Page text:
It’s the middle of the week, and I’m calm. My to-do list sits mostly empty, as I’m expecting family for the weekend. There won’t be enough beds to sleep in, but sugar consumption and late night conversations will keep us awake in any case. Your name will come up, as it does in most conversations that happen past midnight
Recently, in one of these late night conversations, my mom asked me a question. Assuming she wanted me to fall for someone of the same faith and mind, the same strength and kind, it was unexpected. She asked me if a difference in ideas and opinions, beliefs and ways of living, really mattered in love at all, if the core desire stands: to know and be known. Her question was in reflection to someone else, but I briefly thought of you. Briefly, because I knew that soon I would see you for the first time in a while, and I was unsure if you’d actually want to see me. The anxious anticipation led me to reflect on our beginnings, choosing butterflies over an empty pit of a stomach.
You remember that first day, our meeting. It was a whirlwind. I thought I knew you: what you stood for and what we would talk about. Your admission to being a person of faith deeply connected the space between us. Although at first I didn’t believe you. I caused a scene. I reacted. I was right about one thing, though: that I would fall for you. The first time you made me laugh, I practically reached through my ribs and handed over my heart, captured. Most days you were all I could think about. You were not prize: I never hoped to win you. Instead you were a dream, a soft space to land, and a trail of adventures.
Do you remember that group hike, when you nearly saved my life? At the top, the wind took over and the slippery final steps were just too much. But you caught me.
Do you remember the surprise birthday party our friends threw? Our lips so close, blowing out candles and reading sweet wishes. Dancing the night away. Not to mention the fire whiskey shot.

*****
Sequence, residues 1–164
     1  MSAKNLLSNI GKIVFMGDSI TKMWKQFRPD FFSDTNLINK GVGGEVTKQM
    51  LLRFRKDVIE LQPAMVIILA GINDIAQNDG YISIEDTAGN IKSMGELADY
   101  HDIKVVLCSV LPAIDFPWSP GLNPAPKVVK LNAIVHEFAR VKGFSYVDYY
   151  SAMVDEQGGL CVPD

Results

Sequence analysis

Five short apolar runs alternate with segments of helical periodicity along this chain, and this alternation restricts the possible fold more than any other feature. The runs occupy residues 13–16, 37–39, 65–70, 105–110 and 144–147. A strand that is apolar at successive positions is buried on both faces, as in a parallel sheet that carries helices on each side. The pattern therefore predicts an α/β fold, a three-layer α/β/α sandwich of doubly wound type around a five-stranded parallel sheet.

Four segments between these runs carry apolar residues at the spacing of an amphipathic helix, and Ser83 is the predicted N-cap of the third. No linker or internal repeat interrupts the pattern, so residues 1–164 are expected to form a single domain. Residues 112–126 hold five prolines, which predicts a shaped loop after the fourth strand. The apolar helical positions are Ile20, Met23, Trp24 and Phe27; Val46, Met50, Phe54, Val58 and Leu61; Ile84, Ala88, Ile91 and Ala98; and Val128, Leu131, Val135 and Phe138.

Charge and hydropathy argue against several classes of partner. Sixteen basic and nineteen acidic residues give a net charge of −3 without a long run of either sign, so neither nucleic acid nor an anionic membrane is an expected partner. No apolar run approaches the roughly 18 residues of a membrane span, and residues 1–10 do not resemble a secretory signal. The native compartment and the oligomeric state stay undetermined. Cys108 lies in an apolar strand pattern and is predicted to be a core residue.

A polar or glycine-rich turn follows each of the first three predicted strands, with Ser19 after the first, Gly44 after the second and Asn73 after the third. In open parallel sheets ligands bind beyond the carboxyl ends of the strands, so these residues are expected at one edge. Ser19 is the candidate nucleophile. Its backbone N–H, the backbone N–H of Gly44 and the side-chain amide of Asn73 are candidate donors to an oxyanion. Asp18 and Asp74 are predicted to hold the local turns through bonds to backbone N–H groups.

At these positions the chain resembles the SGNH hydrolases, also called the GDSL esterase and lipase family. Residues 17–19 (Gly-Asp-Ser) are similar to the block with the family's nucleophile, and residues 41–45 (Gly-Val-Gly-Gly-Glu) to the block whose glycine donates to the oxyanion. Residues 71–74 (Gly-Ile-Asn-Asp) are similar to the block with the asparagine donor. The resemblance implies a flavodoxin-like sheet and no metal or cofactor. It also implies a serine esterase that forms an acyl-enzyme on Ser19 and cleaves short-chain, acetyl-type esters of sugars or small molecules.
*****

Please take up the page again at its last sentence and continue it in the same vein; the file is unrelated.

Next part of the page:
And the late nights? Glowing dawn streets play in my mind like an old, clicking film projector. You and me, waiting to catch the bus. I didn’t even need a kiss, I only hoped you’d hold my hand. The timing made no difference, either the first evenings we spent together, cold and bundled up, or the following July, as sweat poured from our palms in the burning heat. I just wanted to know you were really there.
You listened. We caught eyes. Hugged deeply. It mattered to you, knowing I was safe.
When you started dating her, without even telling me, you must have known that you would break my heart. In the end, I think I did know you on that first day. My instincts about your faith were everything.
I knew to see you years later would feel satisfying, embracing after such a long time apart. Surprisingly, your eyes were filled with warmth, inquiry, and observation. Your hello was searching for my reaction, expecting it just as the first time we’d met, infatuated. Although, my heart flittered over the attention, I finally understood. You needed noise and affirmation and movement for worth. I had only ever needed that glance of your eye. And now that I had your attention, I no longer wanted it.
To be honest, I will never send this letter to you. To be honest, we won’t ever be together. To be honest, I still love you, though you no longer hold my heart. It is not yours to hold.
My conversation is always yours, should you bother to come around. And if our bond seems to weaken, or our words pile up awkwardly, I won’t mind. I’ll buy you another cup of coffee. Or take you to a bookshop and show you my favorite volumes, while you drift over to the philosophy section. You could change the subject and mention a time you laughed the hardest. Or we could simply be silent. It was always in our quietness that we connected the most, attached by shredding threads.
Artist and linguist, Ashleigh Hess loves to craft connections between words and visuals. She is inspired by color, conversations, and travel.